Thornton Building (10 Pryor Street, 10 Park Place)
Backstory and Context
Construction of the Thornton Building, also known as 10 Pryor Street Building and 10 Park Place, occurred from 1930 to 1932. The building was one of the last commercial structures built before both the Great Depression and World War II all but ended commercial building activity in Atlanta. The building exemplifies the Ultra Modern style of architecture, a variation of the Art Deco, and exhibits straight forward lines and details.
Atlanta architect Anthony Ten Eyck Brown designed the Thornton building, one of many commercial and government projects he headed in the city and throughout the Southeast. Brown was born in Albany and was the son of a prominent architect. Brown studied at the Academy of Design in New York and then went on to work in Washington, D.C., New York, and Nashville before moving to Atlanta, where he worked as an architect from the early 1900s until he died in 1940. His best-known works include several city courthouses, Atlanta Municipal Market, and several schools.
The Thorton building still features an elaborate entrance, adorned by marble and bronze details. However, the building's overall lack of ornate features speaks to the changes in building design inspired by the banking collapse and the Great Depression. The building's exterior appears efficient and modern, and the interior reflects this with advances that included movable interior walls to accommodate changing office needs, circulating ice water on each floor, and high-speed, gear-less elevators.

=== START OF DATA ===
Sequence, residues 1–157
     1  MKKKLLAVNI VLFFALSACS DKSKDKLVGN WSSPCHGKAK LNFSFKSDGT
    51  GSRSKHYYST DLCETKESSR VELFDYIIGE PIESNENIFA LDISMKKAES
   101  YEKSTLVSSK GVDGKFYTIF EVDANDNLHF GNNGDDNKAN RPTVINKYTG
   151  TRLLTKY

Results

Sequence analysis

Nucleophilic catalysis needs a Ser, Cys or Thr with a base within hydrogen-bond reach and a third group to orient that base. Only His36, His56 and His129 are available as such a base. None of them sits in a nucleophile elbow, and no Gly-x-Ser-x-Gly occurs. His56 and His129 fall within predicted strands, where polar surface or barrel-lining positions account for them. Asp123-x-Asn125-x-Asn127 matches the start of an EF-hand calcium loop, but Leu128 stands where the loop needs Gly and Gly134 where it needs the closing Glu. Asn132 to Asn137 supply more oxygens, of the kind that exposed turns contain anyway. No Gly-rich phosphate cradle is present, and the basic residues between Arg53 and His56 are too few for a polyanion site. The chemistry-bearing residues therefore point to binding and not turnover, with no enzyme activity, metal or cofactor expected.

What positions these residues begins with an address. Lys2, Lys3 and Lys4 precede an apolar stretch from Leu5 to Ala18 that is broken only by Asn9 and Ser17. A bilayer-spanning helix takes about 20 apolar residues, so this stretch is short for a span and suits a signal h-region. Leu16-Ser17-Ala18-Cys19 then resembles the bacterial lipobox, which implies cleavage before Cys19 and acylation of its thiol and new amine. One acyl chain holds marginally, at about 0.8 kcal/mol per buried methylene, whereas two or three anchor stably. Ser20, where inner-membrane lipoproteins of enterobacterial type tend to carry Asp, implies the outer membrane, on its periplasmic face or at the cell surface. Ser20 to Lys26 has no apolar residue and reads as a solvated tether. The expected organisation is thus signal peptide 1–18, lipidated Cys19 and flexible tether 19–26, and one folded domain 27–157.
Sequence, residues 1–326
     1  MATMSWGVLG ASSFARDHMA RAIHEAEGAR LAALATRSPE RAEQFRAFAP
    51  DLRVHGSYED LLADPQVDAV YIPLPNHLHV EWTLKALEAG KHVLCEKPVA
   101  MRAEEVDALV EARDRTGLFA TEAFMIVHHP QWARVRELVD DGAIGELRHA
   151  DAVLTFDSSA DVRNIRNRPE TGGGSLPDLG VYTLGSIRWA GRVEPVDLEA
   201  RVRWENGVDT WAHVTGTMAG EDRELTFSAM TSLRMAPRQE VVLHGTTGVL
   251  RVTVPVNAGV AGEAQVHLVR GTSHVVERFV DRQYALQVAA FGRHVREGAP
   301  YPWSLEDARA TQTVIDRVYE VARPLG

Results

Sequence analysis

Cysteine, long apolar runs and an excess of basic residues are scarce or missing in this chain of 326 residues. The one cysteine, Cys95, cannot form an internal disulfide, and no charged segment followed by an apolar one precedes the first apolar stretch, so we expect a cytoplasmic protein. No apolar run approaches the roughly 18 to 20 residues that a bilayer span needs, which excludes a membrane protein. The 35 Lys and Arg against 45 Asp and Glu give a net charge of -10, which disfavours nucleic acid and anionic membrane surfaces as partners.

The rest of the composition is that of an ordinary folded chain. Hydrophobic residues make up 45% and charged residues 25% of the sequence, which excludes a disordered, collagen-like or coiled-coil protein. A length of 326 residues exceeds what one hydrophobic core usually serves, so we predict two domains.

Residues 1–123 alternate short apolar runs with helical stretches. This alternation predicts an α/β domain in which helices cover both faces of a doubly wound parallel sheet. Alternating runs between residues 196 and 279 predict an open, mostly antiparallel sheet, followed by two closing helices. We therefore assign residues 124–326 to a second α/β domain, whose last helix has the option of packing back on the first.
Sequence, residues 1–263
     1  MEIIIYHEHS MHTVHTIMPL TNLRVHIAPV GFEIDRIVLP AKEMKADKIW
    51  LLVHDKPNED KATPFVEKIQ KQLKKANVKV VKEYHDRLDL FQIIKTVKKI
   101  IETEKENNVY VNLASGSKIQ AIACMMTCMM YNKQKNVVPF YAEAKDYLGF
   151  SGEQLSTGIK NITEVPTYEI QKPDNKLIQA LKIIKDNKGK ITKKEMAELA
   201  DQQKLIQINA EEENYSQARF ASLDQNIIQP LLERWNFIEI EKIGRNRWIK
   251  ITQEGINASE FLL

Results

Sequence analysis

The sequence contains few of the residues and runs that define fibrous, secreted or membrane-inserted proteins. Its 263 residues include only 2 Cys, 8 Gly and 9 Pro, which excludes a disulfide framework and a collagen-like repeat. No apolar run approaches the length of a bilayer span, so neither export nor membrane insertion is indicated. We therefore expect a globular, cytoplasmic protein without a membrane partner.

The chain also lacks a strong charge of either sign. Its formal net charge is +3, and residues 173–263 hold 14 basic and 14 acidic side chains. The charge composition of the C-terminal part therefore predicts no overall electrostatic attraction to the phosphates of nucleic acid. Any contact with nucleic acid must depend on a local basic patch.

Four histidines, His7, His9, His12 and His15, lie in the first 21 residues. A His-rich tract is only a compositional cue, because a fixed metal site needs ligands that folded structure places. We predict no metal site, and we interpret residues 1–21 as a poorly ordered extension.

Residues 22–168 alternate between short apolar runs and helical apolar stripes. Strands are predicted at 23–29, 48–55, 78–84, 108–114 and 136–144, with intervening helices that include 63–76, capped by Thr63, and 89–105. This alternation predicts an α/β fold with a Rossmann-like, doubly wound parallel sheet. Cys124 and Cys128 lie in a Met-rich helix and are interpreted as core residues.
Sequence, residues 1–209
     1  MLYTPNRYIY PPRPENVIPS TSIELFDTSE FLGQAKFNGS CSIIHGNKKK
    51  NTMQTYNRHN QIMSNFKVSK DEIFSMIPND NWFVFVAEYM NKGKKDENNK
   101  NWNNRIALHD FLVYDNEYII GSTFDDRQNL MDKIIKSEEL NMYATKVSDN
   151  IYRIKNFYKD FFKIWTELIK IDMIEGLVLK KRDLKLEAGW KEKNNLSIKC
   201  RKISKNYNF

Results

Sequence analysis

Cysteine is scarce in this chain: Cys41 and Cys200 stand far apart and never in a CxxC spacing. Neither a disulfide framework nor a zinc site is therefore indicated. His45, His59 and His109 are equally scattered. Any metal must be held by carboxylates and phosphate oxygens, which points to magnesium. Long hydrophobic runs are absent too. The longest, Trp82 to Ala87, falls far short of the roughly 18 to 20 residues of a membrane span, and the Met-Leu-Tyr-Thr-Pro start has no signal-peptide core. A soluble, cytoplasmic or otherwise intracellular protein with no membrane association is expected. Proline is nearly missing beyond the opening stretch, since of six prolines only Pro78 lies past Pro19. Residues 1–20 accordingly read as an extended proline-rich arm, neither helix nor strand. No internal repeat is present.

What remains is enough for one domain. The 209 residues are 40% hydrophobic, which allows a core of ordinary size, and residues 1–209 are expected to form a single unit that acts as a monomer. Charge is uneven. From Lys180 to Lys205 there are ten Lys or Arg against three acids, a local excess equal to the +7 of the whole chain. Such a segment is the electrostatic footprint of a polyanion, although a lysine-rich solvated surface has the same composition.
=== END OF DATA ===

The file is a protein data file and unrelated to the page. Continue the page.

The Thornton name reflects the owner of the land and its first owner, Albert E. Thornton (1885-1953), whose family was one of Atlanta's pioneer families. Albert had the building constructed on land owned by the Thornton family for several generations, replacing a block of buildings put there by Albert's grandfather during the 1870s.
Craig, Robert M. Atlanta Architecture: Art Deco to Modern Classic, 1929-1959. Gretna, Louisiana: Pelican Publishing, 1995.
"The Ten Park Place Building (Thornton Building)." City of Atlanta, Historic Preservation. atlantaga.gov. Accessed Mar 5, 2020. https://www.atlantaga.gov/government/departments/city-planning/office-of-design/urban-design-commission/the-ten-park-place-building-thornton-building
Thomas, Kenneth H. "10 Pryor Street Building (Thornton Building)." National Register of Historic Places. nps.gov. January 21, 1984. https://npgallery.nps.gov/GetAsset/1b69965d-81da-443c-a2cd-8be840c0fd6f